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Snapper soup

A bowl of snapper soup from the Oyster House in Philadelphia.

What: Much like the turtle soup of New Orleans, Philly’s snapper soup is dark, thick, and complexly flavored, made with the meat of the snapping turtle (not to be confused with “red snapper soup”!) and finished tableside with sherry to taste. It became famous in the area largely thanks to the long-running, now-defunct Philly restaurant Old Original Bookbinder’s, which today exists only as a foods division and still sells its snapper soup in a can. We recommend you try it fresh in town instead.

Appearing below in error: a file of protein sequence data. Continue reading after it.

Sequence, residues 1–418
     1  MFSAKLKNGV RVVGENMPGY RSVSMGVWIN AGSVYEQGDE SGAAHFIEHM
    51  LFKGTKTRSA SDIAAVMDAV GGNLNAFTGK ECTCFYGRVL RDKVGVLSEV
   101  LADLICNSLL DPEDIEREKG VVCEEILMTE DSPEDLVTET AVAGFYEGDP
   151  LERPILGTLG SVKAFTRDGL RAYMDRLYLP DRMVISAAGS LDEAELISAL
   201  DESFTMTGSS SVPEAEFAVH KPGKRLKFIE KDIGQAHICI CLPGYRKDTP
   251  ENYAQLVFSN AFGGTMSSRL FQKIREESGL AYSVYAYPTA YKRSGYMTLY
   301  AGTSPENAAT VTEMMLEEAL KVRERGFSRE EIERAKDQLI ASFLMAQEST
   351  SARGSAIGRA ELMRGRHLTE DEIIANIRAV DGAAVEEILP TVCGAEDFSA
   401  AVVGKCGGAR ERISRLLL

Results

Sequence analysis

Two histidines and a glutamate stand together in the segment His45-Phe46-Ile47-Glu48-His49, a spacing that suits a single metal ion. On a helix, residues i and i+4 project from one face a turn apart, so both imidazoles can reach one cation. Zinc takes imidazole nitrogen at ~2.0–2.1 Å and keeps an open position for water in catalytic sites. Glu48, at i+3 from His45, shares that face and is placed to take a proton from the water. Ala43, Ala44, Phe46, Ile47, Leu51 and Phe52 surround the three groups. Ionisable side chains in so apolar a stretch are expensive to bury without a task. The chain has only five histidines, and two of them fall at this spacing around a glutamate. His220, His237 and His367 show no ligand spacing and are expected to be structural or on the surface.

Where: The Oyster House (1516 Sansom St., map) does a meaty snapper soup in bright, modern surrounds.

When: Mon-Thurs, 11:30am-11pm; Fri-Sat, 11:30am-11pm

Order: The snapper soup ($7), which is loaded with turtle meat, chopped carrots and celery, and bits of hard-boiled egg; sherry is served on the side. Also try the raw oysters here, and perhaps that other (surprising) Philly classic, fried oysters and chicken salad.

Alternatively: Old-school Snockey’s Oyster and Crab House (1020 South 2nd St.; map) also serves snapper soup, by the cup or bowl.


 

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